An Optimized Single-shot Sequence for Fast T2w Imaging of the Brain
Mahesh Bharath Keerthivasan1,2, Blair Winegar2, Unni Udayasankar2, Ali Bilgin1,3, Maria Altbach2, and Manojkumar Saranathan2

1Electrical and Computer Engineering, University of Arizona, Tucson, AZ, United States, 2Medical Imaging, University of Arizona, Tucson, AZ, United States, 3Biomedical Engineering, University of Arizona, Tucson, AZ, United States


T2-weighted imaging of the brain using single shot sequences such as HASTE suffer from reduced spatial resolution, blurring artifacts and decreased conspicuity of small lesions. We present an analytic framework to design the refocusing flip angles for the HASTE sequence tailored for brain imaging. The flip angles are optimized to minimize SAR and blurring, and maximize SNR. The utility of this sequence is demonstrated by incorporating it in a brain tumor protocol and comparing its performance to conventional T2w Turbo Spin Echo in 21 patients.


T2-weighted (T2w) imaging protocols play an important role in neuroimaging for the diagnosis of various pathologies. Turbo Spin Echo (TSE / FSE) has been the “workhorse” sequence for 2D T2w imaging, despite the longer acquisition times and vulnerability to artifacts from subject motion. While single-shot alternatives such as SSFSE / HASTE have been explored in the past for their motion robustnes1-4, they suffer from reduced spatial resolution, blurring and decreased lesion conspicuity. As a result, single-shot sequences are used only in pediatric imaging applications5,6. Recently, an empirical approach was described7 to optimize the refocusing flip angles for SSFSE. In this work, we reformulated it in an optimization framework to develop a HASTE-VFA sequence tailored for brain imaging. The refocusing flip angle train of HASTE-VFA was optimized to minimize SAR and blurring, and maximize SNR. We demonstrate the utility of this sequence by incorporating it in a brain tumor protocol and comparing its performance to conventional T2w TSE in 21 patients.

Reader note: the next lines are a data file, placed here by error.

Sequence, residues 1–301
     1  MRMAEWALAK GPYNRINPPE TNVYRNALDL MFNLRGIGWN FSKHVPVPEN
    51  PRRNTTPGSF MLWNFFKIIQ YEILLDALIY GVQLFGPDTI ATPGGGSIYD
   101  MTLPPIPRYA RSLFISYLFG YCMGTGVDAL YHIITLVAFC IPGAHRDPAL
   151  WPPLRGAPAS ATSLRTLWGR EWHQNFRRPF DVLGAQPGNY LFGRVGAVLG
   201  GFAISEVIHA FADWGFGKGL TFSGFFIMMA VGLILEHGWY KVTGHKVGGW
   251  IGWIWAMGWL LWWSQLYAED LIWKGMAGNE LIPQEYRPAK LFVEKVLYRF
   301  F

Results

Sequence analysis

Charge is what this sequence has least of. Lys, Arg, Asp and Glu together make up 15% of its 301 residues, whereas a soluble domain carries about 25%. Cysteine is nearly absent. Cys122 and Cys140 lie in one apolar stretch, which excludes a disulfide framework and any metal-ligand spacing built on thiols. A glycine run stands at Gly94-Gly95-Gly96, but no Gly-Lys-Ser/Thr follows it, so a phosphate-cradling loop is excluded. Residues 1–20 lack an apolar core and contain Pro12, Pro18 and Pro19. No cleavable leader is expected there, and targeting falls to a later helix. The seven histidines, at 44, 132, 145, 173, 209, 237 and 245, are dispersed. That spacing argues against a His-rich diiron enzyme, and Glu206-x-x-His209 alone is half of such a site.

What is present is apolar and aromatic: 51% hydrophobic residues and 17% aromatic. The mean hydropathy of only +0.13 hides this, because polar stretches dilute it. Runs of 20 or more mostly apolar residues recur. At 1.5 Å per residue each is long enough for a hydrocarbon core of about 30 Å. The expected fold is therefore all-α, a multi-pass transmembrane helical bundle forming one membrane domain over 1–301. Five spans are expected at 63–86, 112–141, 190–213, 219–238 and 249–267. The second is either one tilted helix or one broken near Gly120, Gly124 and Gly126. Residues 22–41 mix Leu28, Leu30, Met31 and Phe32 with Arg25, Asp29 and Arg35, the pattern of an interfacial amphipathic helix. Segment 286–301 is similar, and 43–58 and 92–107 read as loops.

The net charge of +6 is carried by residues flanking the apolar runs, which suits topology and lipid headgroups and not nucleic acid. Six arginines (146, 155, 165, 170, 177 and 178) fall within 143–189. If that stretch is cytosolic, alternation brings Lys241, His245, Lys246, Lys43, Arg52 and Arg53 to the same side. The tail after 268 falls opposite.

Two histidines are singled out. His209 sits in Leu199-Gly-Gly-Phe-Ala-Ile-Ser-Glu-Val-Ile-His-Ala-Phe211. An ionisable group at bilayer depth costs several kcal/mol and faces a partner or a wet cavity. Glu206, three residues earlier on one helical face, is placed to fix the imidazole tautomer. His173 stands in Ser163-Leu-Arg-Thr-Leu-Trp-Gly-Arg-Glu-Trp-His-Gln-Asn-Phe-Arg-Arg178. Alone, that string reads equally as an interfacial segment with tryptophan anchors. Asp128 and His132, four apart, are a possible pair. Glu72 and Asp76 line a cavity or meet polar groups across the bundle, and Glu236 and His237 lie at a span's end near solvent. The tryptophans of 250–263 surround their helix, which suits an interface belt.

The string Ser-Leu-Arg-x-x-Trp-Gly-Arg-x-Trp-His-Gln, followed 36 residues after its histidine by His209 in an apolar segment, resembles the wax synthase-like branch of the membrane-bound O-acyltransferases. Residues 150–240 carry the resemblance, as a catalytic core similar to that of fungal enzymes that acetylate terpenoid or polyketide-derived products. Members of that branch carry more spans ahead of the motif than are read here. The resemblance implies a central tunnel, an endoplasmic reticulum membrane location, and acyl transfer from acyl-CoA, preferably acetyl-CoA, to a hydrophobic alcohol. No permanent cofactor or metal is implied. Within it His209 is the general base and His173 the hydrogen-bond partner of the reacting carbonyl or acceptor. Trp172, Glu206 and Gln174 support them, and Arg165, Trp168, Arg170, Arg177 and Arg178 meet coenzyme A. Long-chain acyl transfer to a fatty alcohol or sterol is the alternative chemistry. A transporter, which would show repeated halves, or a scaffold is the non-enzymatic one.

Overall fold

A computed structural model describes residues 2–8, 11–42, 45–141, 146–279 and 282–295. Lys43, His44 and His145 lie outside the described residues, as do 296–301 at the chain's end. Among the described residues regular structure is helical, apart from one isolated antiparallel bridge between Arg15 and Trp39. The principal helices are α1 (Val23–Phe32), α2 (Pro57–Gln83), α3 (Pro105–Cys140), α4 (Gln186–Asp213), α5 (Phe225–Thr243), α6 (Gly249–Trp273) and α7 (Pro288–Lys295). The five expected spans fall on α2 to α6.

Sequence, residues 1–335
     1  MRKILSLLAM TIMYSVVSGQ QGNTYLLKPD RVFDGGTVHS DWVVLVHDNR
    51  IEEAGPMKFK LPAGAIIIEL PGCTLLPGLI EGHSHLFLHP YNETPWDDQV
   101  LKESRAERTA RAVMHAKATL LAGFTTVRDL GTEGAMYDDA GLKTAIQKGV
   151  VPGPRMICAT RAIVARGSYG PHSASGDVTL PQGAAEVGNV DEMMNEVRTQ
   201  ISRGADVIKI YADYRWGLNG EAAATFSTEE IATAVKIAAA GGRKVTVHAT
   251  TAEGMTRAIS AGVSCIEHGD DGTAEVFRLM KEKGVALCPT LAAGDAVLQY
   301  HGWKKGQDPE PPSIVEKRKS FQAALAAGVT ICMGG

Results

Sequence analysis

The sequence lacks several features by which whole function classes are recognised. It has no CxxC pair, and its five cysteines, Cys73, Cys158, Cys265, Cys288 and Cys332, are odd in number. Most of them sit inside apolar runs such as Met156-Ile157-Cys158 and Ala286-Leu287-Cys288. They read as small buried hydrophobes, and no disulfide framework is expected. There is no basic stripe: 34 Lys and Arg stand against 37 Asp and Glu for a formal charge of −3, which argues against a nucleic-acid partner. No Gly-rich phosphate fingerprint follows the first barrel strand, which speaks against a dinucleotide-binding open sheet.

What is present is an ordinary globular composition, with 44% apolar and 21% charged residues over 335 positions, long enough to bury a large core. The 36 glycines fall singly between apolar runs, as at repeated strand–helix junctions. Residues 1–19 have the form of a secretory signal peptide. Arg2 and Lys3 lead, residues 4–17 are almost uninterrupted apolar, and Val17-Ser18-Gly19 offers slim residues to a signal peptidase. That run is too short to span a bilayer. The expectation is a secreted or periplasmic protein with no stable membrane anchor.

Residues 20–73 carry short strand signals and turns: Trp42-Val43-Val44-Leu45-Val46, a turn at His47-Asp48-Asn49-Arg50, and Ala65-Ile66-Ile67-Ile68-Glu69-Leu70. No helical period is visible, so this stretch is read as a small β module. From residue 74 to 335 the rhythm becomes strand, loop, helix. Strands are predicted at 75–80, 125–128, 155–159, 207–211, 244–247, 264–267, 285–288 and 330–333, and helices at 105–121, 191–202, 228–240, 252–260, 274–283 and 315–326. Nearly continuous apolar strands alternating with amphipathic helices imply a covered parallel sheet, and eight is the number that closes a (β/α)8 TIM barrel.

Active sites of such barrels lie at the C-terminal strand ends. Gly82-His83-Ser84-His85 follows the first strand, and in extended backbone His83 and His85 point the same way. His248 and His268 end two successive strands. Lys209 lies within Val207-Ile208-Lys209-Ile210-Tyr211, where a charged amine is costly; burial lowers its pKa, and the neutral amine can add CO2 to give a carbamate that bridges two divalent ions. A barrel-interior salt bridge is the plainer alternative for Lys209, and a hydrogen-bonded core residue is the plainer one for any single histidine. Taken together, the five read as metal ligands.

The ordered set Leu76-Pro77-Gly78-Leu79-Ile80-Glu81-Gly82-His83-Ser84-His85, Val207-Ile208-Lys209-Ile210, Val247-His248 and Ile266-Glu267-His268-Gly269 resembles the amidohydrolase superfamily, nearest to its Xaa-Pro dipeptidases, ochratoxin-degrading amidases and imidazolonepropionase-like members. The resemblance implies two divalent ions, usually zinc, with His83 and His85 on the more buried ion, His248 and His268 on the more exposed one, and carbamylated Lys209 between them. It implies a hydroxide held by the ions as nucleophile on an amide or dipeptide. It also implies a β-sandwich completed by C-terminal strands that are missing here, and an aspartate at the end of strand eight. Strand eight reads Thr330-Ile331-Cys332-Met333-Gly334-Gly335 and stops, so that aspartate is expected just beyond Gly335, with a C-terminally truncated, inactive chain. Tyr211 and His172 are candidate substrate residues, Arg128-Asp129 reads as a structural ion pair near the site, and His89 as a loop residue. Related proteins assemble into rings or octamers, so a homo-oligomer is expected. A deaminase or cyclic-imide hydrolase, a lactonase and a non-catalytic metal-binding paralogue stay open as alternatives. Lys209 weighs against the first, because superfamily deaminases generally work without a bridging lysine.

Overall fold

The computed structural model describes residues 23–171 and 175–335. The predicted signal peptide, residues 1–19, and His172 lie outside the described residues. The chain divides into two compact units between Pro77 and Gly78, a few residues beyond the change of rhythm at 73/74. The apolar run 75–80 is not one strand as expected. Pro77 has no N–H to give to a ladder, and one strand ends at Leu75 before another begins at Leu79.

Flip Angle Design:

A commercial Siemens HASTE sequence was modified to incorporate the refocusing flip angle modulation scheme proposed by Busse et al8. In this scheme, the flip angles are parametrized by four control angles $$$\vec{\alpha} = [\alpha_{min},\alpha_{cent},\alpha_{end},\alpha_{max}]$$$. These control angles were optimized to achieve the following: (1) maximize the PSF peak and minimize the mean of the outer edge of PSF to improve the spatial resolution (2) maximize the signal at the central echo to maximize the SNR (3) minimize the SAR of the sequence to decrease the imaging TR which is usually SAR limited. In addition, constraints were added to limit the choice of $$$\alpha_{min}$$$ as it has been shown9-11 to be proportional to signal dephasing due to motion. Since the signal evolution is insensitive to $$$\alpha_{end}$$$, it was fixed at 45° and based on8 $$$\alpha_{max}$$$ was set to 130°.

Representing the problem as a multi-objective optimization:

$$\max_{\alpha_{min},\alpha_{cent}} psf_{max}(\alpha_{min},\alpha_{cent}) \& \min_{\alpha_{min},\alpha_{cent}} psf_{outer}(\alpha_{min},\alpha_{cent}) \& \max_{\alpha_{min},\alpha_{cent}} sig_{cent}(\alpha_{min},\alpha_{cent})\\ \text{s.t. } \text{ sar }(\alpha_{min},\alpha_{cent}) < \eta;\\ \alpha_{min} > \delta$$

The objective function can be reformulated by the $$$\epsilon$$$-constraint method11:

$$\max_{\alpha_{min},\alpha_{cent}} psf_{max}(\alpha_{min},\alpha_{cent}) - psf_{outer}(\alpha_{min},\alpha_{cent}) \\ \text{ s.t. } sig_{cent}(\alpha_{min},\alpha_{cent}) < \tau; \\ \text{ sar }(\alpha_{min},\alpha_{cent}) < \eta; \\\alpha_{min} > \delta$$

The optimization problem was solved using a genetic algorithm implemented in MATLAB. A two-dimensional surface plot of the objective function is shown in Figure 1A showing dependence on the individual parameters $$$\alpha_{min}$$$ and $$$\alpha_{cent}$$$. The flip angle evolution corresponding to the optimal solution along with the T2 decay curve is shown in Figure 1B.